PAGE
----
Nick was ecstatic, chuffed at his own accomplishments of organizing this all three weeks prior with a single message. We hear an old fashioned fire bell being cranked by hand in the nearby distance, it was dinner time. Nick led us flawlessly in the pitch black, barefoot, dodging the broken bottles and random overturned rakes deliberately and instinctively as if this were his garden of a laborious love. We emerged from a thicket of canya bushes into a medium sized clearing of a mix between patches of grass and dirt. Off to the far right corner was a large circular structure appropriately named the dome. It was a framework of steel draped in layer after layer of blankets, old rugs, and a waterproof membrane to finish it off. Dim light could be seen from within the dome via its translucent side fabric. It was what seemed the only light in the entire surrounding acreage apart from the very seldom head torch seen coming and going, but mostly, just like Nick, barefoot people appeared and disappeared through the one opening in the dome with no aid of light at all. We remove our shoes, the only clean and fully assembled ones to be seen at the entrance. We enter the dome and packed full of roughly 18 people, men women, young and old, bodies where scattered between musical instruments and half a dozen burning candles. My first impression was that everyone was dressed in clothes cast for the inhabitants of Zion from the Matrix trilogy, not all though, some had smart shirts and the youth looked like they had recently returned from school, I can say thought that there were more dread locks in one place that I'd ever experienced before. There was a mixed smell of herbs, marijuana, wood smoke and Body odour, a little intoxicating for the newcomers, but no one else seemed to know there was any smell at all. The food came in three large saucepans, couscous, rice, fried veggies, and a tomato type of paste. Everyone broke from their silent strumming of instruments, group massages, and tokes from their pipes to indulge in the feast. There weren't enough plates for the 18 people and washing dishes seemed to be a sore spot for the communal census so it was suggested to eat it African style with only fingers and the thought was quickly swallowed up as the plentiful hands went into the dish from all 360 degrees. Trying to hide my discomfort, I joined in on the frenzy of feast, but after only my first handful, almost instantly the image of nicks oozing thumb and dirty fingernails came into my mind. Needless to say my appetite vanished.

               The night continued a way in which could have been on another planet as far as my first impressions were concerned. Convulsive dancing, deep throaty noises, mixed with drum beats radiating from any surface that could be pummeled with a palm. It was all too overwhelming, it was a big leap from only a few weeks prior being a site supervisor on two big projects, living in a bedroom community in a house with a big backyard to siting cross legged in a candle lit fabric hut witnessing dance moves that mimicked and exorcism. Nick finally guided me through a maze of footpaths away from the dome to an old dilapidated caravan that had thick black spray paint covering the side, window and door saying "FUCK THE POLICE" Nick told me everyone referred to this caravan as the 'fuck off caravan', or as I found out later on, the place where people go to have sex during a party. The caravan had a sideways piece of plywood as a door, a roof hatch that was permanently open to the elements and a broken window. There was a foam mattress and a couple sleeping bags scattered about covering some stains in the bed sheets. On either side of the bed were roaches from joints and fully expired candles melted flat into the wood. Nick gave me a pat on the back and headed off up into the mountains to his alleged ancient ruin he was living in, which at that point, sounded like a 5 star resort. As I lay down to sleep that night in my own sleeping bag, perfectly straight like a log, terrified to roll over in either direction in fear there might be a syringe hidden in the foam mattress somewhere, I learned my last and final lesson from Nick Lesson #7 Don't let first impressions fool you, especially when dealing with people of a special breed named Nick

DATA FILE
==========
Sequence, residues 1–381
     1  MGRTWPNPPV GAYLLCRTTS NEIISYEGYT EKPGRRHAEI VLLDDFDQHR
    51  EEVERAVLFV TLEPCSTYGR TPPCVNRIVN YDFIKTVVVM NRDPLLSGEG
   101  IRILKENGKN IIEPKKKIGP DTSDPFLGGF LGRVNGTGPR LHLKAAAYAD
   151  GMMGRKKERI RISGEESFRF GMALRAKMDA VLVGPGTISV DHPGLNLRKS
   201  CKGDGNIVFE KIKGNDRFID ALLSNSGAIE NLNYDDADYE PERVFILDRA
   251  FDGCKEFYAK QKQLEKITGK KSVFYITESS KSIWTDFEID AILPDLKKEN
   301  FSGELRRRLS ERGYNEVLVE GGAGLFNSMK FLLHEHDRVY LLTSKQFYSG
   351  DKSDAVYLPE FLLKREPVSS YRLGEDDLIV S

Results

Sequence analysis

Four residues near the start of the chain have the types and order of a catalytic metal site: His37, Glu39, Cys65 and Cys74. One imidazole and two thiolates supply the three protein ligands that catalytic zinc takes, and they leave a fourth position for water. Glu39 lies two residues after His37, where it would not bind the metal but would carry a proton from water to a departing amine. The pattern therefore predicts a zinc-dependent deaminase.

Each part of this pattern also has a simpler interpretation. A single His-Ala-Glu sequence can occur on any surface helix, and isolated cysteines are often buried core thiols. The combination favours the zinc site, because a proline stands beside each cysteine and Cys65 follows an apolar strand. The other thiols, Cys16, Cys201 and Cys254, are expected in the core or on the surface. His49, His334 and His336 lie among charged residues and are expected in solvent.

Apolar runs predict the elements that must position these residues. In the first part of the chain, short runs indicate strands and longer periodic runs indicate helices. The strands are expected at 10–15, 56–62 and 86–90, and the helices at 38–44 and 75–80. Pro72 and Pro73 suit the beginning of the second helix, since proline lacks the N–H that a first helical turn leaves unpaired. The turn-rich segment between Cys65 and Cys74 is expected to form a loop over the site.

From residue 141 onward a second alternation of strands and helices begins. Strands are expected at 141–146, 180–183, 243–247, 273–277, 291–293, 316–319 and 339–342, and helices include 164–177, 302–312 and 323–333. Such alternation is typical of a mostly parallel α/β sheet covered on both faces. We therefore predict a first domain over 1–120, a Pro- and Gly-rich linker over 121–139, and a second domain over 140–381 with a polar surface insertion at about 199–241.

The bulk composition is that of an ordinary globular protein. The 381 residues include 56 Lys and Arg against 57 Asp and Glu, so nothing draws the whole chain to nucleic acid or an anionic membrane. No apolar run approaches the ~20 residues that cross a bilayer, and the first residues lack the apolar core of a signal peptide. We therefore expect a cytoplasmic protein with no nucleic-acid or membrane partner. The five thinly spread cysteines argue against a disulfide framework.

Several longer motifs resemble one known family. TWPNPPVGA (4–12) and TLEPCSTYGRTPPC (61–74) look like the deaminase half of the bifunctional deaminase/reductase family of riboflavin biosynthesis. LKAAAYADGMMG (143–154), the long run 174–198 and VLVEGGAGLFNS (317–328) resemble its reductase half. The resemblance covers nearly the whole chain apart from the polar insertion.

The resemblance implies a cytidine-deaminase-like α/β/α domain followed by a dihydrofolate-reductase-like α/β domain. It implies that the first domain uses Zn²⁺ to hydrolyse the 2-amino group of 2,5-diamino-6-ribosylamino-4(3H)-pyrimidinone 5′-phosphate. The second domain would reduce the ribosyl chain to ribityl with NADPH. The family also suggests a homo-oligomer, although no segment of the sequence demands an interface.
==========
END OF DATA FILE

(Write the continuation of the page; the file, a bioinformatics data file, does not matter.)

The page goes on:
Wednesday, November 11, 2015

Writers Block


Start.... again......

To start and stop, ponder and wait, disrupt the flow of pen strokes pondering a perfection that will never come. This is where I went wrong, trying too hard to impress, to appease a reputation that was never there. Sit and let flow, dribble the carnage of mashed words in long lengths from left to right, I forgot the reasons behind the words, the healing they did and the lust for expression they once yielded. Writers block, the invisible wall that keeps pen tips withdrawn and keyboards cold. Live and let flow, let the words tumble onto the page as they come and sort the corpses out later, or let them rot, maybe that's the imperfections that make something so perfect. Motivation is like a temperamental spring in a mountain side. When it flows don't cup your hands and drink, only to find yourself begging for it when its dry. Find a bucket and capture its lusty cold wetness; use it generously knowing its a gift and not disposable. It's mesmerizing to watch the water dribble into a bucket, watching its ripples, splashes and the chaos of unpredictable turbulence but if patients is your virtue, the jumble of words follow each other one after the other in no particular order coming to form long string of sentences that might possibly have some rhythm and melody between their improperly used punctuations and law of the written language. But to start again, like rekindling an old coal stove from a winters past, nearly dead and cold but still clinging to life, scattered by ash of old stories told, a brief history of creativity and expression lay motionless and inaudible, patiently waiting the fuel to come when it seemed hopeless, that was a hobby long lost, a spring long dried up with only fossilized crustaceans sprouting from its vein. Get past my fears and let it flow. Writing, a therapy less known, quite often stumbled upon accidentally in some cases such as my own. I would have spent my entire life not knowing of this little demon inside of me was crying out to have its story immortalised on some spreadsheet tucked into the back page of 5th grade math book in a damp dark basement. That story might never be found but those words will outlive any breathing creature on this world for centuries to come. So there you have it, a rebirth to a million ideas that constantly haunt my thought, vibrating down a triangular hopper, condensed, conveyed, and defects denied until the mash of letters fall into their respective packages and later consumed.